Housing market surprises with another record

Despite the rising cost of living and increases in mortgage rates, average house prices across the UK hit another new record last month, according to the latest index from the Halifax.

Housing market surprises with another record
Although most analysts expect a slowdown or even a reversal in the market in the coming months, the mortgage lender's June report said a shortage of properties on the market and a continuing demand for larger, detached homes had led to the latest price rise.

The Halifax calculated the average house price at £294,845 last month, 1.8% higher than in May, representing the largest month-on-month increase in 15 years.

Russell Galley, Halifax managing director, said that, until now, the housing market had been largely insulated from the rising cost of living.

"This is partly because, right now, the rise in the cost of living is being felt most by people on lower incomes, who are typically less active in buying and selling houses," he said.

"In contrast, higher earners are likely to be able to use extra funds saved during the pandemic."

Once again, the largest, annual percentage price increase was recorded in Northern Ireland where the average last month stood at £187,833, representing a year-on-year rise of 15.2%.

Wales continued to see strong annual growth, up by 14.3% and boosting average property costs to £219,281, while Scotland's 9.9% jump pushed its average to £201,549 - the first time it had passed the £200,000 mark.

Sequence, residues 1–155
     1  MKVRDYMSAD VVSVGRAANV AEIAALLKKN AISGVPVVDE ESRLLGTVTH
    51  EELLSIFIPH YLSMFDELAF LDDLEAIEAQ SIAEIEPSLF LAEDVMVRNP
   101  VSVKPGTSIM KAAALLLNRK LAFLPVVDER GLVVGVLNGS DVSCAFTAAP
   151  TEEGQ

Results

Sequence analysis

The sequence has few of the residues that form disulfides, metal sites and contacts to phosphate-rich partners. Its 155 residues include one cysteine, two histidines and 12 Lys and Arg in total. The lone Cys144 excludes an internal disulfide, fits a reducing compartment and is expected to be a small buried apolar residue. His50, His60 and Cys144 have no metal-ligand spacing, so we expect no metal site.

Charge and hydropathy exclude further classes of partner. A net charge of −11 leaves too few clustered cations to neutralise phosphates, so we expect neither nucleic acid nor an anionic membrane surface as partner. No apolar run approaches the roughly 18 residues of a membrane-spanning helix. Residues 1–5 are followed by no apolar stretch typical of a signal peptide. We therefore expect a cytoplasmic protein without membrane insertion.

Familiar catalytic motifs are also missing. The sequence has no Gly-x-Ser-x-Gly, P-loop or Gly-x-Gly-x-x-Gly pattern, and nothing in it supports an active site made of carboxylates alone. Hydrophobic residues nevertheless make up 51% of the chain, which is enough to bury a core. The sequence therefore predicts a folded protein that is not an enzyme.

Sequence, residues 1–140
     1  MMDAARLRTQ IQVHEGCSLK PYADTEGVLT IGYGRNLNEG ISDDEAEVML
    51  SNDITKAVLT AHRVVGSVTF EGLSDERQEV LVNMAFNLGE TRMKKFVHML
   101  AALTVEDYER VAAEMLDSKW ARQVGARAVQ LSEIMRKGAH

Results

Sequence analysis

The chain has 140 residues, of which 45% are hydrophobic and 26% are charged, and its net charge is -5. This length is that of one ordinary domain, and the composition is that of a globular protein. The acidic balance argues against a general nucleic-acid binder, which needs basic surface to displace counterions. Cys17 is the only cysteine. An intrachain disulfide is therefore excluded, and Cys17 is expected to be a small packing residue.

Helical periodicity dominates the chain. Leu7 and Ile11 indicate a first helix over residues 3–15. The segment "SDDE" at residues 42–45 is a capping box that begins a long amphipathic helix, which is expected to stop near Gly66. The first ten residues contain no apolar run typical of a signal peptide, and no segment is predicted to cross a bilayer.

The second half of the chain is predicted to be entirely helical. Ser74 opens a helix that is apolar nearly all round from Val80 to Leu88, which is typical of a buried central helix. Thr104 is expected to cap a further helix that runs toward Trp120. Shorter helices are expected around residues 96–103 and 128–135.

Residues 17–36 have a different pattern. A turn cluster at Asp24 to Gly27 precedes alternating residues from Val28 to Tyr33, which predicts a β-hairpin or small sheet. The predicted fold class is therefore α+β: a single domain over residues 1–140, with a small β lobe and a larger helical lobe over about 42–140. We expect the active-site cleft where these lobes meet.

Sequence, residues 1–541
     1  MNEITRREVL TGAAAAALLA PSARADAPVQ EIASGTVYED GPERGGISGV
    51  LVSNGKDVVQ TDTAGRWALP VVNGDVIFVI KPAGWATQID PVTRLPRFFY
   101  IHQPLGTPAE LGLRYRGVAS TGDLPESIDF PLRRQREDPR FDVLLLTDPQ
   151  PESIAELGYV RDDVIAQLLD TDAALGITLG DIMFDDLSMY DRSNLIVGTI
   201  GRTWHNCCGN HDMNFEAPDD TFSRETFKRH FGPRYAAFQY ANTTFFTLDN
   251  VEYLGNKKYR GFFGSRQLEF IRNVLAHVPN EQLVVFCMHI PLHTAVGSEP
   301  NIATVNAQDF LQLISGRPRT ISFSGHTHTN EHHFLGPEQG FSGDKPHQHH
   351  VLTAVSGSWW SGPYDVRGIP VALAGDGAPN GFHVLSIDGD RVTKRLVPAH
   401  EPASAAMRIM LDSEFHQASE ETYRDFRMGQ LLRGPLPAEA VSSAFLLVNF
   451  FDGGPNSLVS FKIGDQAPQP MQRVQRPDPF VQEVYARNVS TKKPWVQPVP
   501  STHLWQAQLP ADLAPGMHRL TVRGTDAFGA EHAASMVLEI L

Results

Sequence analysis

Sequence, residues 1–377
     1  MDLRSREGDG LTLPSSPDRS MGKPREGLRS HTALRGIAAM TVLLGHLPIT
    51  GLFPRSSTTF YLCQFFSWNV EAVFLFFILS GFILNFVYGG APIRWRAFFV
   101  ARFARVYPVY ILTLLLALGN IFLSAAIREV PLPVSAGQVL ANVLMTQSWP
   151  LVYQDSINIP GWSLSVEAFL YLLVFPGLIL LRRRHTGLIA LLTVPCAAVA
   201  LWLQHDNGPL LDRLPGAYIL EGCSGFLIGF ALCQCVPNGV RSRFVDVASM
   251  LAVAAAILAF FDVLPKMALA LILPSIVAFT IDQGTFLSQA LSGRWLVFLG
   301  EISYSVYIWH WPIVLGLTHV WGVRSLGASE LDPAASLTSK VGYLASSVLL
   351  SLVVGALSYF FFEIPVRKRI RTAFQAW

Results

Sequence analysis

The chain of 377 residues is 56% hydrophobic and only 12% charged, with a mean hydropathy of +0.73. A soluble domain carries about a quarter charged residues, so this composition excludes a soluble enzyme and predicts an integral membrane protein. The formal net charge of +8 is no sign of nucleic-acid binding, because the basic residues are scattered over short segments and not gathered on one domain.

In England, the highest annual house price growth was the 14.2% recorded in the South West, pushing average prices to £308,128. London saw the lowest rate of increase (7.1 per cent) although, with an average price of £547,031, it remained by far the most expensive place in the UK to buy a home.

Martin Beck, chief economic adviser to the EY Item Club, felt that property inflation had to "run out of steam soon" but that house prices were unlikely to fall.

"A significant, 1.8% monthly increase in the Halifax measure of house prices in June was well above expectations," he said. "June’s increase pushed up annual price growth to 13 per cent, the highest since late 2004.

"While still-rapid growth in house prices is bad news for first-time buyers, the boost to home-owners’ wealth and sentiment from rising prices might offer some useful support to consumer spending amid cost of living pressures.

"Given increasingly stretched affordability and rising mortgage rates, the EY Item Club believes house price inflation must surely run out of steam soon. But cost of living pressures are being borne disproportionately by low-income, primarily renting households, not better-off home owners. And low unemployment will reduce the risk of forced selling. So house prices are far more likely to see slower growth than a decline."

Jeremy Leaf, a London estate agent and a former Royal Institution of Chartered Surveyors' residential chairman, added: "Despite concerns over the rising cost of living and interest rates, the excess demand over supply continues to hold sway and is driving activity.

"The number of appraisals and listings is increasing but not fast enough to keep up as sellers try to take advantage of the market peak, or at close to it as possible, but transactions are slowing and lengthening.

"Looking forward, we expect the market won’t be immune to changes in the wider economy and are already seeing signs of a rebalancing but no evidence of major corrections in prices for the time being at least."

Read more news and views from David Sapsted, July articles.

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